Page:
Teaching Your Dog To Stay

August 2019

Audience: Foster Caregivers, Public, Shelter/Rescue Staff & Volunteers

Goal: Teach your dog to remain in a sit, down or stand with the cue "stay."

When and where to use "stay".

  • "Stay" can help teach self control in a dog and help them learn to settle.
  • Your dog can "stay" in "sit" position before receiving food, toys, petting and being leashed.
  • A "down/stay" position can be use for polite greetings to humans to prevent jumping.
  • A longer "down/stay" can be used to redirect your dog from other unwanted behaviors, such as begging at the table, getting underfoot when doing chores and staying calm visiting other environments.
  • A "down/stay" or "sit/stay" can also help teach independence to your dog as they learn to relax and stay further distances away from you and/or "stay" for longer timeframes.
  • "Stand/stay" is helpful for keeping your dog in place for handling (i.e. during vets visits, toweling off your dog or wiping their paws).
  • "Stay" is helpful in multi-pet households in building your dog's self control around small pets.

What you need

  • Have 20-30 of your dog's favorite treats ready. A high value toy also could work.
  • Have your dog on 6 foot leash in a quiet room.
  • It's helpful if your dog knows the cues "sit" and "down" first. But if they don't your dog can learn to "stay" while standing.

How to train the cue 'stay'

  • Have your dog on a loose leash. Stand in front of them, 1-2 feet, and ask them to "sit," "down" or "stand."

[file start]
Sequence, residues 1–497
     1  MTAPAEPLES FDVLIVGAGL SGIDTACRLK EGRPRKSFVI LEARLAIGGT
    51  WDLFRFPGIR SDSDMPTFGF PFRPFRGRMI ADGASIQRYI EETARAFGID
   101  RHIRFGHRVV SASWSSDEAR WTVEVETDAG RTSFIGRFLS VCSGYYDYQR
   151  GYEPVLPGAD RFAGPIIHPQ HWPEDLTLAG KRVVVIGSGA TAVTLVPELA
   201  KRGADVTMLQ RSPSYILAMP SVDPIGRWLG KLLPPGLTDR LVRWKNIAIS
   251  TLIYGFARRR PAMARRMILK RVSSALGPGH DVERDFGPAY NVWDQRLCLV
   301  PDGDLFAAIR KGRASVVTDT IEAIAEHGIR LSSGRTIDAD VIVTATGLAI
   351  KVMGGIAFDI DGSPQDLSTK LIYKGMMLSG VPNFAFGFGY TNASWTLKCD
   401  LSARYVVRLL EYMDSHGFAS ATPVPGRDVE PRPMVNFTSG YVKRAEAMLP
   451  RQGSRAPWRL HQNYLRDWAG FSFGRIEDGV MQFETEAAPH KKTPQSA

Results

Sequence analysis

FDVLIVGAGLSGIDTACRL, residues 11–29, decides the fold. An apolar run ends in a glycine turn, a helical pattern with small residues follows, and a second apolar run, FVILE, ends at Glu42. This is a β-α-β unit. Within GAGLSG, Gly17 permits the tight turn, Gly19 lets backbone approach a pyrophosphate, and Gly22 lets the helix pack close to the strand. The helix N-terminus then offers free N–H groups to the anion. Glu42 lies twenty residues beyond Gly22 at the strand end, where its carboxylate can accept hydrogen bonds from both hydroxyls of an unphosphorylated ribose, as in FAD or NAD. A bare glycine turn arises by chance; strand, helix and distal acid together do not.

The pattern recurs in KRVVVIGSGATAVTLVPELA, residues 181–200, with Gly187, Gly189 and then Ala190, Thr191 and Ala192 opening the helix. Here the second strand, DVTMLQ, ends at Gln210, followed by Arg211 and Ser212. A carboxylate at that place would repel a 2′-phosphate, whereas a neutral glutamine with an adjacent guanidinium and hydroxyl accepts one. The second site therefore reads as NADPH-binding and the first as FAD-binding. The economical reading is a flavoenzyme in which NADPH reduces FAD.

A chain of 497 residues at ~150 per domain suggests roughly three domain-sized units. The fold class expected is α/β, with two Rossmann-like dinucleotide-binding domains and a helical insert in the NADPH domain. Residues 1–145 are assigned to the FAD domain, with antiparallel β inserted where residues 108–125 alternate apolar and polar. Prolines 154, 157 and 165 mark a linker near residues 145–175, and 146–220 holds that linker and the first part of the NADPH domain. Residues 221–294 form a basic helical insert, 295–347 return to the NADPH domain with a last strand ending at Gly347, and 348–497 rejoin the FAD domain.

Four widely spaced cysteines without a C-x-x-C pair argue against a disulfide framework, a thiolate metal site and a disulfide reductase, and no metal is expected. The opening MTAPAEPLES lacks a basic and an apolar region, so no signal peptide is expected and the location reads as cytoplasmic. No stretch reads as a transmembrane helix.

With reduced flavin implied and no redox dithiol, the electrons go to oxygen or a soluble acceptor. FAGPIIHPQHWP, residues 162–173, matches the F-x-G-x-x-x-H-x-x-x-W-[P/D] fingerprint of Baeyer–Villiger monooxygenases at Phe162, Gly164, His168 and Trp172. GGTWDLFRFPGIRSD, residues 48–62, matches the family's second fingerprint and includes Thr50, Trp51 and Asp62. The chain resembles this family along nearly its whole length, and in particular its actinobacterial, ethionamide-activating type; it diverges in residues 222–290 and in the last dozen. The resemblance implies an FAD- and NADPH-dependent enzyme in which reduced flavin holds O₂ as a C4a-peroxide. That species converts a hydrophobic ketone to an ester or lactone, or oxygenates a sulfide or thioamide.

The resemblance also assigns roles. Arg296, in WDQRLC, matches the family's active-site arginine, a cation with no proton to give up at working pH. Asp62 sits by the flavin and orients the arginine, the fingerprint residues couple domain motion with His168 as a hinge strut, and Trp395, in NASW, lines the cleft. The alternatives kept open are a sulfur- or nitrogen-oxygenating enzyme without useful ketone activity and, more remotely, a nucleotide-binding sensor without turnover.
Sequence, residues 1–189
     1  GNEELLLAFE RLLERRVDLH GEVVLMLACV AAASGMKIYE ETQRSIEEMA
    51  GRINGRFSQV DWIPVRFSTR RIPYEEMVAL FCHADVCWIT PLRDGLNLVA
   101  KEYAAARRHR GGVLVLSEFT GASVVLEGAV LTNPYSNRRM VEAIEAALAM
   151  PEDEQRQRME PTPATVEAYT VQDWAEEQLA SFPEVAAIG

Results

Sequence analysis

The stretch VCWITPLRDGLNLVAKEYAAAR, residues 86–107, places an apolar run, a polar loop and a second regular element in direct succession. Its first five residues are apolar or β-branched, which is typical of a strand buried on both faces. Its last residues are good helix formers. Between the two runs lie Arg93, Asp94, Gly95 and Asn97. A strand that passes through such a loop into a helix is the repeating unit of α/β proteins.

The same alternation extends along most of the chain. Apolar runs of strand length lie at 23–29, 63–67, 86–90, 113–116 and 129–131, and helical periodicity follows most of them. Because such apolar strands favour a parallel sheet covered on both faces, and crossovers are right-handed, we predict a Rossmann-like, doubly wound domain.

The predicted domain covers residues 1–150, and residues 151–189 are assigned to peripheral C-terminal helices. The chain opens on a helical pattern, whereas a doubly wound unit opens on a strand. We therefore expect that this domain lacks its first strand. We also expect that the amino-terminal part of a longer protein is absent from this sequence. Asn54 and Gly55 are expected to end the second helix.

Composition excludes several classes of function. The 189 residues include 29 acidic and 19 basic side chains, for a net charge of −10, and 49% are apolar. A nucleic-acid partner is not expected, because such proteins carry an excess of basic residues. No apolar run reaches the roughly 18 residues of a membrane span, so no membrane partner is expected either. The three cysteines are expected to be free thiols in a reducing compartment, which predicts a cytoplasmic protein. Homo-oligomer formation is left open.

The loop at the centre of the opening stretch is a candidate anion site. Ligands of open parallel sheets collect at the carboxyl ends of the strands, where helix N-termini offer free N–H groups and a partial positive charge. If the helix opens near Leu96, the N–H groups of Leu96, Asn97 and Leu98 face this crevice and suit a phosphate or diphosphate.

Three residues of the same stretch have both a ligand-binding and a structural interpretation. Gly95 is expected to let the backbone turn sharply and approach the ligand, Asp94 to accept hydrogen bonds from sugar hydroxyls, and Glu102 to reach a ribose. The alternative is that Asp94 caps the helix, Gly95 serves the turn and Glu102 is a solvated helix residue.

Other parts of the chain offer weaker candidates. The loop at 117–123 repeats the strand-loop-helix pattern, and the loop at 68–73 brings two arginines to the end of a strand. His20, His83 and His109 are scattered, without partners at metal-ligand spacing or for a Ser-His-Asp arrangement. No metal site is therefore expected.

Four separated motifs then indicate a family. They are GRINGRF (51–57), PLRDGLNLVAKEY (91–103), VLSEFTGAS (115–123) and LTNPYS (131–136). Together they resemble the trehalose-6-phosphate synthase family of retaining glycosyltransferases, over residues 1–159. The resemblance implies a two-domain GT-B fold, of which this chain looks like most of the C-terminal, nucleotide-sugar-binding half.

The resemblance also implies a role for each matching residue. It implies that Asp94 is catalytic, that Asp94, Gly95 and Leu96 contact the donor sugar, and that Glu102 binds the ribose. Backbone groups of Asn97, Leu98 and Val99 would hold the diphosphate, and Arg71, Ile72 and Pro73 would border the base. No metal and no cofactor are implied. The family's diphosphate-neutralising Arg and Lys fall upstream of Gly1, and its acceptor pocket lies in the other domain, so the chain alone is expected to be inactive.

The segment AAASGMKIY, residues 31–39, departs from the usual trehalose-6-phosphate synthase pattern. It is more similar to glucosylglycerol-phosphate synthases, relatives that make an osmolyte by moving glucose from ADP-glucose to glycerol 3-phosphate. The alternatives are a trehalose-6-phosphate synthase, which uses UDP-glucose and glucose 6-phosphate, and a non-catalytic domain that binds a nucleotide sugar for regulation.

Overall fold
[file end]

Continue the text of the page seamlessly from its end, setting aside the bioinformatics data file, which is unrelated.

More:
• Once in position, say the verbal cue "stay" as you rise your right hand, extending your arm toward your dog with palm facing your dog, like a stop sign. This is the physical hand signal for "stay."
  • Wait 2-3 seconds before praising and delivering a treat.
  • After delivering the treat, use a release cue of "free" or "done" to let your dog know they're done with their "stay" and are free to move around. If your dog doesn't move, step back or to the side and coax your dog up out of the stay. Repeat this exercise 5-8 times.
  • Practice 2-3 times a day for 5-10 minutes each. 

How to add distance and duration

  • Add distance and duration of time slowly to your stays. Do each task for 8-10 repetitions. Start with 2-3 second "stays", and then move on to 5 seconds and so on until your dog can stay for 30 seconds. Next, try stepping to the left during their "stay." Then try stepping to the right, then two steps to the left, and so on. If your dog fails at a new task, go back to the previous task for 10 more repetitions and then move on to the next task again.

Tips and Next Steps

  • Once your dog is 90-95% successful in low distraction area, gradually add in distractions. More information about improving how your dog responds to cues
  • Only say the word "stay" once. If we repeatedly say "stay, stay, stay," your dog will think that's the cue for "stay".
  • If your dog is having trouble, try training on a bed or a mat first. Staying on a warm surface first is often easier for a dog.
  • Use the "Say Please" program to help keep the training going. Have your dog "stay" for something that they want, like having the ball thrown, before they get a bone or dinner or before going out the door.

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